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varieux
12-01-2010, 12:26 PM
Hi all,

I need to deploy an OpenGL program across multiple Windows computers, which may have any graphics cards.
I need to be able to print my OpenGL model and I'm curious, is off-screen rendering is supported by all OpenGL implementations?

Thanks.

mhagain
12-01-2010, 01:40 PM
This is the second time you've asked this question: http://www.opengl.org/discussion_boards/ubbthreads.php?ubb=showflat&Number=286906#Post2869 06

The answer is "no, it's not". However, it is very widely supported on most modern cards and chips, so you really need to research your user base, find out more about what hardware they have, and write your code to target that hardware.

You also need to say more about what you mean by "print my model". Do you mean "print" as in to a printer? Off-screen rendering has nothing to do with printing. You could easily send it to a printer using glReadPixels and your local friendly printing API.

ZbuffeR
12-01-2010, 03:03 PM
glReadPixels from not-FBO only works for visible pixels. So no 10x larger window for higher DPI print quality, no hidden GL window, no slightly overlapping window.

varieux
12-01-2010, 08:27 PM
"You could easily send it to a printer using glReadPixels..."

That's what I'm doing now. I have four computers to test with and I'm finding that 3 work just fine, but on one of them, glReadPixels is returning gunk at the top and bottom. This consists of pixels that are nothing like what's on-screen. It's a Windows XP machine that's the problem. HOWEVER I'm not the one who's operating it so it may be that they've got the window too small and these pixels are not appearing.

"find out more about what hardware they have"

It's going out into the world where anybody can use it, so there is little chance of either my asking them or adapting to what they have.

varieux
12-01-2010, 08:29 PM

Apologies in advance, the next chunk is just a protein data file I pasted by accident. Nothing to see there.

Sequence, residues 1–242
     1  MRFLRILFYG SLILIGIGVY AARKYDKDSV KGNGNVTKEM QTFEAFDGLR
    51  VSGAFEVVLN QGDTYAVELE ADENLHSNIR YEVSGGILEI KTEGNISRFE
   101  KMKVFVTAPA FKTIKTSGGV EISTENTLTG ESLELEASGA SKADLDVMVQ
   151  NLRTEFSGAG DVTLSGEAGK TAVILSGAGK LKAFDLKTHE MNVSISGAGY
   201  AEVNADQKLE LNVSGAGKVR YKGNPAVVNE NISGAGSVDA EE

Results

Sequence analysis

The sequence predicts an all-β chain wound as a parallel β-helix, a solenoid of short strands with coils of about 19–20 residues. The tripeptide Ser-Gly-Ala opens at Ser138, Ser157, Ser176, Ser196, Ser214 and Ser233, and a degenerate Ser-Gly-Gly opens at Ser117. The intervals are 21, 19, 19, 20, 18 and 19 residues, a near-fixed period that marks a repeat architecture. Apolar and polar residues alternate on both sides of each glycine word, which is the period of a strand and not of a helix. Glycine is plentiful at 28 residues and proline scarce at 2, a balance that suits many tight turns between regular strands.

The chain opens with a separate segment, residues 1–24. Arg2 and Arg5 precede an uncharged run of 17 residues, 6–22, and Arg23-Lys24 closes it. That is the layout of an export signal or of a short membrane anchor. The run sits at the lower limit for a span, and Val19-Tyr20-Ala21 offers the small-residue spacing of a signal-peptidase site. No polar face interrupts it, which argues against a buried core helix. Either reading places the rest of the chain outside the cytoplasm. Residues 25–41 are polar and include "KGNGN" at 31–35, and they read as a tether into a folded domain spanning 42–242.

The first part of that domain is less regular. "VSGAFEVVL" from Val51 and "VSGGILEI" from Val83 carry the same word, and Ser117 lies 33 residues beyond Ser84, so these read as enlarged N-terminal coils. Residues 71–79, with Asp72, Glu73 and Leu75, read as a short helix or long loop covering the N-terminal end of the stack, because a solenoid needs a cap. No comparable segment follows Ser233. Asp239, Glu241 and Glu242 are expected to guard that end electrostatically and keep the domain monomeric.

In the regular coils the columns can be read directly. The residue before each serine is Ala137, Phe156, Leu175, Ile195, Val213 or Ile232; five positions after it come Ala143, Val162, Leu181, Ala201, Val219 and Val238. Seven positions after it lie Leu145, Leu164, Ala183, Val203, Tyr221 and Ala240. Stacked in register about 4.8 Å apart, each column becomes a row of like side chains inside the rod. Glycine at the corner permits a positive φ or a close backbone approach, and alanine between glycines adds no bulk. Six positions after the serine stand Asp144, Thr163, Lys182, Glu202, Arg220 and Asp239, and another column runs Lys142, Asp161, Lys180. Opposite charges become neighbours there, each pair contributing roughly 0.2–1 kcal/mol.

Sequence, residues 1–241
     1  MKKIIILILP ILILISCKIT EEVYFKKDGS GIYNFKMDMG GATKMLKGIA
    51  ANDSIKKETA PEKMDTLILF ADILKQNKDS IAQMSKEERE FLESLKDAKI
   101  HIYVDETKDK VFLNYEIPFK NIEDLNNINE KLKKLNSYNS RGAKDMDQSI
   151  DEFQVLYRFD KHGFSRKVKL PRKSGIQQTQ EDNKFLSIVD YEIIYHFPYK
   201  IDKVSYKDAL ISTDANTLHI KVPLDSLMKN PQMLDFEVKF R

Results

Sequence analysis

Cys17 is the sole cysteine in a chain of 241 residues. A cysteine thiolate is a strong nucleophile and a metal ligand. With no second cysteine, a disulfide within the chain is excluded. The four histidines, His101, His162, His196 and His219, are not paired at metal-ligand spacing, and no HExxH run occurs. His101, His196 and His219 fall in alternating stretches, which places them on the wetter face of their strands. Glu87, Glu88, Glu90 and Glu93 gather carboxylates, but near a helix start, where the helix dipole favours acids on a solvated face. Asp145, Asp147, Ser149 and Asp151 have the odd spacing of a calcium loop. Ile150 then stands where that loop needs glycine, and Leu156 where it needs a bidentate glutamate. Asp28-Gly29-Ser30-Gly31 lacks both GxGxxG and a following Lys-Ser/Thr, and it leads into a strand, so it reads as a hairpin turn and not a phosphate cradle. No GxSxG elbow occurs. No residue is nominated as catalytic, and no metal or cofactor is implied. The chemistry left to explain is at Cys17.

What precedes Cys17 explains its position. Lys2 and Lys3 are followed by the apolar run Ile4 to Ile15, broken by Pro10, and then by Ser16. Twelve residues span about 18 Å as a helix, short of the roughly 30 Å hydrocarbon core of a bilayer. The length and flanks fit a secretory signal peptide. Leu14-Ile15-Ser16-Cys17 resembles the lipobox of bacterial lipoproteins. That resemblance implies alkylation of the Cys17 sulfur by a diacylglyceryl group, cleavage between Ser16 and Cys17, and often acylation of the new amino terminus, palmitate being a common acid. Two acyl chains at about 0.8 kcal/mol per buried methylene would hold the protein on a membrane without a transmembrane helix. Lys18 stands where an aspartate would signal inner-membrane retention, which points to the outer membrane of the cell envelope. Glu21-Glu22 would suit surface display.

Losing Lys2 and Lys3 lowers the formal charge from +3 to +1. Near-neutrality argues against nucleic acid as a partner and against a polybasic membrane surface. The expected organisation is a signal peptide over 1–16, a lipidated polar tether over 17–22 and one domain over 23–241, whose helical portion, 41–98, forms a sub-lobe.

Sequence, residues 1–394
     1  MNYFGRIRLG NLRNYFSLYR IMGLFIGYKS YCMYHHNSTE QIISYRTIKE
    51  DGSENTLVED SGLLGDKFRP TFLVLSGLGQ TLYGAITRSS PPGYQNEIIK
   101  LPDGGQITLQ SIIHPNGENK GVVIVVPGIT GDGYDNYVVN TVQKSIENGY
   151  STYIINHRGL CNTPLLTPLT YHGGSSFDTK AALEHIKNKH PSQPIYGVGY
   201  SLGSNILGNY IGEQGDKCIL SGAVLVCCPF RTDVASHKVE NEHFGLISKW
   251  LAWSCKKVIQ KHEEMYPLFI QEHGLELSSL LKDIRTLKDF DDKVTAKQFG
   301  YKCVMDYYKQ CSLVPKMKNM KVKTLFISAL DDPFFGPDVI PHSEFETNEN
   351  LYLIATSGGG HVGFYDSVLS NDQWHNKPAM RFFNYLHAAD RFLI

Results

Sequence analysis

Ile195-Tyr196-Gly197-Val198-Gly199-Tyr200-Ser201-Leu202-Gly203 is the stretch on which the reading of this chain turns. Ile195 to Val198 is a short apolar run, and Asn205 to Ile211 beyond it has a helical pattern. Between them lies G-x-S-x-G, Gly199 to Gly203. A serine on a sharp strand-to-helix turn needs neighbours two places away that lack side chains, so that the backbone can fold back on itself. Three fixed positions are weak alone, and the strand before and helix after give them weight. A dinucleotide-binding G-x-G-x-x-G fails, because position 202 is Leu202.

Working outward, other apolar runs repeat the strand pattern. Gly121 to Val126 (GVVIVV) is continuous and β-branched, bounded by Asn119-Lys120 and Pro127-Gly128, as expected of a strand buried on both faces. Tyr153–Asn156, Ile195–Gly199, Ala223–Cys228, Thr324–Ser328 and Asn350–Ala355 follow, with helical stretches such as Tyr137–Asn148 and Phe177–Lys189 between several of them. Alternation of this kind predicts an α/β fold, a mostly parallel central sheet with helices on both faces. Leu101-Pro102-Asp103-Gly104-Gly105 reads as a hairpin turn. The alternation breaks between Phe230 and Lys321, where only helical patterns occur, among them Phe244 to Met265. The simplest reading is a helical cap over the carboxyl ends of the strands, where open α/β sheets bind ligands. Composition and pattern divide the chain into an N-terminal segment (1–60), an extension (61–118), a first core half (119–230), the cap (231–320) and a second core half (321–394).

"glReadPixels from not-FBO only works for visible pixels."

... And I can't guarantee that a user will not have the window scrunched down so that very few pixels are visible.

OK, so if glReadPixels won't always work, and FBO isn't guaranteed to be available, is there any option left?

How about ray-tracing? I could include a POVRay executable, I suppose, and invoke that. However the users will want to print this quickly; they don't have all day to wait.

Alfonse Reinheart
12-01-2010, 11:26 PM
OK, so if glReadPixels won't always work, and FBO isn't guaranteed to be available, is there any option left?

I asked this in the other thread, which you completely ignored. What do you mean by "guaranteed?" OpenGL itself is not "guaranteed" to even be available. If it is available, drivers aren't "guaranteed" to work.

So what kind of "guarantee" are you looking for?

ugluk
12-02-2010, 12:02 AM
The only guarantee is this: get mesa3d and compile it into .dll, then use it as a software renderer. You'll have FBO support even if there's no graphics card installed on the windblows computer.

varieux
12-02-2010, 06:11 AM
Hi Alfonse, sorry I completely ignored your question a year and eight months ago. Will you forgive me, my old comrade?

By guaranteed I mean that my program will be going to a variety of Windows users with a variety of video cards. It can't not function. If it does, others will become frustrated and I... I will experience melancholy.

So for instance my current problem involves using glReadPixels and I'm told that some of the pixels being read are garbled. I had no idea some versions of Windows didn't support glReadPixels properly, but apparently at least one does.

varieux
12-02-2010, 06:28 AM
The only guarantee is this: get mesa3d and compile it into .dll, then use it as a software renderer.

I could try that experimentally, taking out GLUT 3.7.6 and Windows' OpenGL and putting in MesaLib and MesaGLUT. But I worry, isn't Mesa much slower?

Also, will GLUI work all right on top of Mesa3D? I am using subwindows, which are another feature that seems to break on other systems.

Alfonse Reinheart
12-02-2010, 07:27 AM
By guaranteed I mean that my program will be going to a variety of Windows users with a variety of video cards.

I'm trying to get at specifics, and "variety" isn't very specific. Give a minimum OpenGL version number. Or a Direct3D version number. Or even just the lowest-end cards that you plan to support.

In general, when people release programs, they offer a minimum specification below which the application is not intended to function. What is yours?


But I worry, isn't Mesa much slower?

Of course it is; it's a software renderer. But because it is software, it is "guaranteed" to work.

ugluk
12-02-2010, 08:01 AM
You can use both mesa or the real thing if it is available. If it is not, you use the software fallback, mesa3d.

Everything will work with mesa3d, only rather slowly.